“Corn syrup treated with enzymes to enhance the fructose levels is to be labeled ‘High Fructose Corn Syrup.’” According to Mr. Stutsman, agave, whose main carbohydrate is starch, requires the label “hydrolyzed inulin syrup.” Even though, like corn, agave is a starch processed with enzymes, it does not require the label high fructose agave syrup because the resulting refined fructose sweetener is so sweet that it is chemically closer to inulin.
From this point forward, agave nectar will be referred to by a more accurate name: agave syrup.
This name is also legally uncomplicated and non-deceptive, per US Federal labeling laws, even though the true name would be hydrolyzed high fructose inulin syrup. “The product called ‘agave nectar’ is really chemically refined hydrolyzed high fructose, which is intentionally mislabeled to deceive consumers,” states Mr. Bianchi.
In a stunning report released in October 2008, the U.S. government’s own accountability office reported that of the thousands of food products imported into the US each year from 150 countries, just 96 total food items were inspected by the FDA to insure label accuracy and food safety. (7) The FDA doesn’t usually protect consumers regarding food safety or food labeling, nor does it usually take action against many misleading labels. This was seen with the processed infant formula scandal from China, where infant milk powder was tainted with toxic melamine.
High Fructose Agave’s Dubious History
In the year 2000, with warrants in hand, federal agents from the Office of Criminal Investigations of the Food and Drug Administration (FDA) came banging on the door of North America’s largest agave nectar distributor, Western Commerce Corporation in California. In an extremely rare case of the FDA protecting consumer interests (rather than supporting big business, while shutting down legitimate and health consciousness competition), they discovered that Western Commerce Corporation was adulterating their agave syrup with high fructose corn syrup (to lower the cost even more and increase profit margins). While the federal agents confiscated the material in the warehouse, the owners of Western Commerce Corporation were nowhere to be found. Those who ran the company fled the country with millions of dollars in assets to avoid criminal prosecution.
This adulterated agave syrup (refined fructose) was also labeled as certified organic (8) to fool consumers into thinking they were getting a pure product. This shows you how unverified organic labels were used in the USA, and continue being used even now.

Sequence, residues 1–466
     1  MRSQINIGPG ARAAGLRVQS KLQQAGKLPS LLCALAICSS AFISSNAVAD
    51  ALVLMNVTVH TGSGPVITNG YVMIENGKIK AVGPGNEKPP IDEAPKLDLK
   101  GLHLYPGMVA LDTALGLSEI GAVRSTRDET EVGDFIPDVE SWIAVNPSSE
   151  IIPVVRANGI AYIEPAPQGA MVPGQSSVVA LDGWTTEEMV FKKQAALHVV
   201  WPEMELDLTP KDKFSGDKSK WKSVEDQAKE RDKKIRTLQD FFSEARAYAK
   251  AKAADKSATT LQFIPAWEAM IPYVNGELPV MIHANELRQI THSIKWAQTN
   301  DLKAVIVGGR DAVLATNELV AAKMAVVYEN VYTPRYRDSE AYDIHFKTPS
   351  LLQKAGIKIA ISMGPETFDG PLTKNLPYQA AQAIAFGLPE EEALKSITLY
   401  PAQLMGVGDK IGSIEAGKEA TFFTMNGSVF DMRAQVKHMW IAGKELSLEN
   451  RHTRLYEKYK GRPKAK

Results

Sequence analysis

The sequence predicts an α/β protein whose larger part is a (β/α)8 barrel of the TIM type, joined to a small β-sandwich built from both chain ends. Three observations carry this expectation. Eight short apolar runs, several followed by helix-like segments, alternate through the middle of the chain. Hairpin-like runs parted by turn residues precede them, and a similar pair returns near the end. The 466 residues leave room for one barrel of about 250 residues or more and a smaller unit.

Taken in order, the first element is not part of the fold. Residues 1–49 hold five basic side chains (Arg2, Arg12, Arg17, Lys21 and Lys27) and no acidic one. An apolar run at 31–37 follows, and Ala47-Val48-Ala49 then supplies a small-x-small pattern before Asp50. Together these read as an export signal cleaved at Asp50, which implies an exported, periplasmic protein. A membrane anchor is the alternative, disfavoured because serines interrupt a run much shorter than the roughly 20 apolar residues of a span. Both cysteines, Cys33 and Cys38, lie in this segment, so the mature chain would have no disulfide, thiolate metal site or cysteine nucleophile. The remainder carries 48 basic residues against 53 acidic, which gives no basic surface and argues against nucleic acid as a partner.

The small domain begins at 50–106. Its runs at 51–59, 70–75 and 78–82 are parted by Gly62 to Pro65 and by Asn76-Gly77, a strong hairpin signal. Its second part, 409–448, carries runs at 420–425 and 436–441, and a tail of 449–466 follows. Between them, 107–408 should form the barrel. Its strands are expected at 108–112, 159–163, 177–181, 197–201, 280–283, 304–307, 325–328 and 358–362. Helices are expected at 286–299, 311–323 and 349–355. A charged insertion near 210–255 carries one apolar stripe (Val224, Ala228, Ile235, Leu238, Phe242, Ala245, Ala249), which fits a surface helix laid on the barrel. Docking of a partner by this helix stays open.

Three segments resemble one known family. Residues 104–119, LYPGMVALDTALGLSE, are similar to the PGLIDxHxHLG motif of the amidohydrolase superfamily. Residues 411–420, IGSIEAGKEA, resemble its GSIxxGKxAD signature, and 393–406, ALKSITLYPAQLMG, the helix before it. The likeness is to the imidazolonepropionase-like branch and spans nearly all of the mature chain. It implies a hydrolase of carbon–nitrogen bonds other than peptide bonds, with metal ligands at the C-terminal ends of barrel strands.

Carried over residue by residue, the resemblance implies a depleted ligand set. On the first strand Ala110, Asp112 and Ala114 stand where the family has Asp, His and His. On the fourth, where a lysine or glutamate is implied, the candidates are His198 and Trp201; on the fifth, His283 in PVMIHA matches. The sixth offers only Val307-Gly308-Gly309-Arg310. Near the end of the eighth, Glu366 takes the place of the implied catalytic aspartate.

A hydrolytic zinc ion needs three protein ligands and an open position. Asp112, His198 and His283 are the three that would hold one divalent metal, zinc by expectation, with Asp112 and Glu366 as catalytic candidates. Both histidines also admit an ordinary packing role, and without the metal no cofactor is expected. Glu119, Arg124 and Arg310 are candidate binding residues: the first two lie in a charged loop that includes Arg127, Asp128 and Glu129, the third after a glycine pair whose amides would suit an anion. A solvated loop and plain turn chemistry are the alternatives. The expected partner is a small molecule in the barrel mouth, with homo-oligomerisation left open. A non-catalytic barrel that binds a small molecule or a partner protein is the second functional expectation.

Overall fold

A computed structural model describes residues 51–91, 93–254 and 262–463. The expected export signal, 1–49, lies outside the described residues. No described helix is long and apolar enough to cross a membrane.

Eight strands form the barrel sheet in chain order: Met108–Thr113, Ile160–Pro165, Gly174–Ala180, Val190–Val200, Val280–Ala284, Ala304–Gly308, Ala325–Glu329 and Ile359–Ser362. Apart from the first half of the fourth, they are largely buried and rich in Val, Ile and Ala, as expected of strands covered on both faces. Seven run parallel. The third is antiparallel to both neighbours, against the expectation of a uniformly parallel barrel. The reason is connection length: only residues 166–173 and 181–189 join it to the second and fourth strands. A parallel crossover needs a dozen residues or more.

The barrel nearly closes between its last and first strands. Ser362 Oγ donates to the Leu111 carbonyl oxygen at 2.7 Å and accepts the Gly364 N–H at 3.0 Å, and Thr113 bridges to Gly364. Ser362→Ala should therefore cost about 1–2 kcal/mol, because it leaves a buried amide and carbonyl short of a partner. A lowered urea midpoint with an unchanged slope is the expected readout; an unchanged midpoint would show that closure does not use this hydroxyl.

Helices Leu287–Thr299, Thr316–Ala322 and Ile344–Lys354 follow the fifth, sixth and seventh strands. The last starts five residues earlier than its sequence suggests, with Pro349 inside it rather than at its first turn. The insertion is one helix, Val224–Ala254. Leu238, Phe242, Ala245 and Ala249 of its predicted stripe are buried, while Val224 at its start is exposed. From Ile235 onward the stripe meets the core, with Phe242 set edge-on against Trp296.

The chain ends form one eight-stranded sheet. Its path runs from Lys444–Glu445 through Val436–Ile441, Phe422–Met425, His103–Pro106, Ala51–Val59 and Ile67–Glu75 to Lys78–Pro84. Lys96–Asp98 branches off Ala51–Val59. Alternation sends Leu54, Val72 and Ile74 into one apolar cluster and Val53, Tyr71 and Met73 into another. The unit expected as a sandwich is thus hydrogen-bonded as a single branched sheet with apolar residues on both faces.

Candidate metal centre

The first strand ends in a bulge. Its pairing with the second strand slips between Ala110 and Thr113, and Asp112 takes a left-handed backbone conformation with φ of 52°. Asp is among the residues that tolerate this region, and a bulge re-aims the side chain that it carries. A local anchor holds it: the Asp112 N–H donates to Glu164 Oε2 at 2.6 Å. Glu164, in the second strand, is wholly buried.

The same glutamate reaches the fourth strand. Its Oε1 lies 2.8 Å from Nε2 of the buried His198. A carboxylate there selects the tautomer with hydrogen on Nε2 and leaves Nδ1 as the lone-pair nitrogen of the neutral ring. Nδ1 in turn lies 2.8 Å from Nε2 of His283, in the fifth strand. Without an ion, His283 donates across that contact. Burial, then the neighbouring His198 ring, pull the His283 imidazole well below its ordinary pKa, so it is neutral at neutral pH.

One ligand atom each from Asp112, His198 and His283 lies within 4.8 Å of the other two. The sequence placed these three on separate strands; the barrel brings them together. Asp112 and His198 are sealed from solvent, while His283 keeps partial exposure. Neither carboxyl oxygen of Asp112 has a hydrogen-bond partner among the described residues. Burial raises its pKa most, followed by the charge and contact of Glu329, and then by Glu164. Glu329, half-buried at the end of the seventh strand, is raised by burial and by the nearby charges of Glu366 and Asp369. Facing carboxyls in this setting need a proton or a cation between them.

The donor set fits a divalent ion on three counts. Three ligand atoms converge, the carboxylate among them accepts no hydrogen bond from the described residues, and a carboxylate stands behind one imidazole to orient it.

Today, high fructose agave syrup is made primarily by two companies, Nekulti, and IIDEA. Yet a third agave marketer, by the name of ‘Volcanic,’ has a suspicious claim on their website. “If your agave comes from one of the other two companies in Mexico, something has been added.” (9)
They are referring to Nekulti and IIDEA. Their claim is based upon an analysis, which claims that their agave nectar has a lower refined fructose level.
Blue Agave Nectar is Not a Safe Sweetener
When the Spaniards came to the New World, around 1535, they brought with them a
desire for brandy. When their supplies ran out they had to find a new alcoholic beverage to replace their lost brandy. The Spaniards found that by distilling the juice of the plant now known as the blue agave plant they could produce a potent alcoholic beverage, which over time has evolved into what we now call tequila. In order to produce a sweetener from the blue agave plant, the entire pineapple -like, giant root bulb of the plant is removed from the earth. It is then dried and juiced, making an agave starch juice. This in no way resembles any form of traditional use of the blue agave plant. While great for distilling tequila, the blue agave plant, when transformed through a chemical process into refined fructose, may contain many properties that make them dangerous and toxic for regular human consumption.
"Yucca species, together with other agaves, are known to contain large quantities of saponins," according to Tyler's Honest Herbal. Saponins in many varieties of agave plants are toxic steroid derivatives, as well as purgatives, and are to be avoided during pregnancy or breastfeeding because they might cause or contribute to miscarriage. These toxins have adverse effects on nonpregnant people and many health compromised consumer categories as well. They are known to contribute to internal hemorrhaging by destroying red blood cells, and they may gravely negatively harm people taking statin and high blood pressure drugs. Agave may also stimulate blood flow in the uterus.(10) Other first hand reports indicate agave may promote sterility in women. Since the agaves used for agave syrup are not being used in their traditional way, there should be a warning label on the sweetener packages that it may promote miscarriage during pregnancy, through weakening the uterine lining.
What’s wrong with Fructose?
Once eaten, refined fructose appears as triglycerides in the blood stream, or as stored body fat. Elevated triglyceride levels, caused by consumption of refined fructose, are building blocks for hardening human arteries. Metabolic studies have proven the relationship between refined fructose and obesity.(11) Because fructose is not converted to blood glucose, refined fructose doesn’t raise nor crash human blood glucose levels — hence the claim that it is safe for diabetics.
Supposedly, refined fructose has a low glycemic index, and won’t affect your blood sugar negatively. But the food labels are deceptive. Refined fructose is not really safe for diabetics.
“High fructose from agave or corn will kill a diabetic or hypoglycemic much faster than refined white sugar,” says Mr. Bianchi. “By eating high fructose syrups, you are clogging the veins, creating inflammation, and increasing body fat, while stressing your heart. This is in part because refined fructose is foreign to the body, and is not recognized by it.”
The average person consumes about 98 pounds of highly refined corn fructose per year in the USA, that roughly translates into half a cup of refined fructose per day. In an average supermarket, at least 2/3 of all items contain some form of highly refined fructose, because it is one of the cheapest ingredients and fillers for foods, next to water, air, and salt. In health food stores, some foods contain a sweetener called crystalline fructose or other sweeteners labeled as fructose. Essentially, these are all refined corn fructose, labeled in a way to trick people that it is something more natural. Mr. Bianchi concludes: